Mr Rathogwa then moved to present the application on statutory measures in the citrus industry. The Citrus Growers Association (CGA) had requested a levy of 1,4c/kg on all citrus fruit intended for export. He pointed out that this amount falls within the limits prescribed by the Marketing of Agriculture Act which regulates that any levy be no more than 5% of the point of sale price. This levy is essential to sustain research and ensure disease-free fruit. Mr Rathogwa pointed out that in the past the industry has relied on voluntary levees, but that when profits are low industries tend to withdraw their support which is detrimental to long-term research projects. Government's decreasing support, in terms of funding, towards agricultural research puts the industry at risk of being overtaken by international markets. As well, voluntary levees have not worked in the past because producers often will withhold funds during difficult periods.
Mr Rathogwa noted that the Eastern Cape industry growers were officially opposed, their concern being around who will administer the levee. If administering would be conducted through a statutory trust then they will support it. But because the application stipulates that the Deciduous Growers Association oversee administration of research work, they feel it necessary to oppose. They regard research companies as concerned with profits and liable to withhold information from smaller scale businesses that are unable to pay. Despite the fact that less than 50% of the industry had been consulted in a referendum conducted by the CGA, the NAMC believe that the imposition of the levy is a matter of national economic importance, as the entire citrus fruit industry is under threat of being pushed away from traditional overseas markets.
The CGA is well suited to ensure compliance with the levee because it deals directly with citrus issues on a regular basis. CGA will therefore administer the levy but the NAMC would have observer status on its Board of Directors. Furthermore, the Auditor-General would audit the annual financial statements of the organisation.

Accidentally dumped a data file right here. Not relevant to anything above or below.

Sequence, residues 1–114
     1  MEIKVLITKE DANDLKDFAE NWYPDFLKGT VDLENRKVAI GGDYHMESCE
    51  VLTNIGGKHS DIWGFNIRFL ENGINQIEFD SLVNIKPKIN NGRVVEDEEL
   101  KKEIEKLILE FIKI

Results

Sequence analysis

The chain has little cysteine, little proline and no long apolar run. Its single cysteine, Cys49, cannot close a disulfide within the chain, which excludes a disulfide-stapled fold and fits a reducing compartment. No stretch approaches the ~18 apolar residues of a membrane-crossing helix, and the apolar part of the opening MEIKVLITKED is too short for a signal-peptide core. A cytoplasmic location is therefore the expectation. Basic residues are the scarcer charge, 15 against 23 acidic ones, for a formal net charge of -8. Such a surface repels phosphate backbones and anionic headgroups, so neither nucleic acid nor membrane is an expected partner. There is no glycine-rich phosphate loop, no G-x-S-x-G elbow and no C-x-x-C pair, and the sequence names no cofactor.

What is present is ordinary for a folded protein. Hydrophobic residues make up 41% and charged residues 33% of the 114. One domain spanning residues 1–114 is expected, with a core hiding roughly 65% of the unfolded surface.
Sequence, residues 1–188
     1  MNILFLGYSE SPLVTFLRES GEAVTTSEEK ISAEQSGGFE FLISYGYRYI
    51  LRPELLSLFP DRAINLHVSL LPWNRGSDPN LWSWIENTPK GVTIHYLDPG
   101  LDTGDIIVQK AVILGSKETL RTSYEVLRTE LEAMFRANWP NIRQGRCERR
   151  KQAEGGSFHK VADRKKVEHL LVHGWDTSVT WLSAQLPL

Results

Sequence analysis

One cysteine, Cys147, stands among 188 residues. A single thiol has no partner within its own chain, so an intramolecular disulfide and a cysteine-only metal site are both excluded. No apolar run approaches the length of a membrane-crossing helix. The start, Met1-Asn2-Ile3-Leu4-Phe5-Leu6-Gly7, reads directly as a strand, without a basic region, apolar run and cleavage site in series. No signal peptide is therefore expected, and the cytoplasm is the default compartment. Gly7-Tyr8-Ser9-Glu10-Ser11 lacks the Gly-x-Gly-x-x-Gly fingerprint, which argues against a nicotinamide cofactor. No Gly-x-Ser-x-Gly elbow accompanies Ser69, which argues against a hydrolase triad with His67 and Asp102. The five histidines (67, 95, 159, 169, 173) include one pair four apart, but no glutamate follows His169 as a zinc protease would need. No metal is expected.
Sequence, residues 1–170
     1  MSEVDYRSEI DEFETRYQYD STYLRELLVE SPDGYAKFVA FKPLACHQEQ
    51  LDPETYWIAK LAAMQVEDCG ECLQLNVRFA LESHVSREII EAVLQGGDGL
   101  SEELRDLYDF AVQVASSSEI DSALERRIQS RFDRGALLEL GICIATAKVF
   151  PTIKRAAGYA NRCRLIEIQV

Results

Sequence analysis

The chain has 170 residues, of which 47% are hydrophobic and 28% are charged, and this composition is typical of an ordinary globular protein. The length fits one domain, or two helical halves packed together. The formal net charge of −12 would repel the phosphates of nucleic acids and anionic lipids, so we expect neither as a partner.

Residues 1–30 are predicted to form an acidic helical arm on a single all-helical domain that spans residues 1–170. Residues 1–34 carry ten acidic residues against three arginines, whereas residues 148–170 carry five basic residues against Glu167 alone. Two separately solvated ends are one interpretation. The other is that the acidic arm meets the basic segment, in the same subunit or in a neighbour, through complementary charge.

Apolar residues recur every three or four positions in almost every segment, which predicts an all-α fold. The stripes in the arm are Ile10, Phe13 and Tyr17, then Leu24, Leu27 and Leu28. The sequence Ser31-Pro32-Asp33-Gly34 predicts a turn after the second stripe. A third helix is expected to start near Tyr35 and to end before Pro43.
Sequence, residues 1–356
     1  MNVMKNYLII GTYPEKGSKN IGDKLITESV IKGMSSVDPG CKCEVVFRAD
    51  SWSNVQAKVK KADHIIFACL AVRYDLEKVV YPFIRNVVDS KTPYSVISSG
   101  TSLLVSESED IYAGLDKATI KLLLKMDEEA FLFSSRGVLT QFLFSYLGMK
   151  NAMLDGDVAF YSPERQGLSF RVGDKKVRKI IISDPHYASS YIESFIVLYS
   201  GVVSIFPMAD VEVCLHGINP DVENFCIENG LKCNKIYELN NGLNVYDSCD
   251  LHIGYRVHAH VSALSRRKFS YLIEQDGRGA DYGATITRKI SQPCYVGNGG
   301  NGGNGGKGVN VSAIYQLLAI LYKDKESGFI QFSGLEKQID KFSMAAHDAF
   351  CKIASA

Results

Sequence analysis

Mr D A Hanekom expressed concern that the position of industry growers themselves are not represented in the application. He agreed with the view of growers who suggest that levees should go towards a statutory body such as the Deciduous Industry Trust (DIT) would be more representative of the industry as a whole, despite the fact that the application was put forward by the Citrus Growers Association. He observed that although any group may apply for a levee, it does not mean that that group will be positioned as collector upon acceptance of that application. He stated that the application should be maintained in order to benefit the widest possible group of affected people.
Mr Rathogwa replied that the DIT was aware of the submitted application but that no objection to it was conveyed. They are concerned about capacity and if the DIT could manage the efficient collection of levees. However, the CGA is well suited for the responsibilities of collection.
Mr van Niekerk expressed support for the original request by the NAMC and said that if the levee is intended to fund research, it should be collected by people who are familiar with "hands-on" aspects of the industry. CGA is better able to handle the practical applications for this, but members may also consider how the DIT may assist in this process.
At this point Chairperson Holosima moved to approve the application by NAMC with the additions of annual auditing statements to be submitted to the Minister and observer status granted to ensure compliance with the original intent of the application. The Committee then approved the application with no opposition.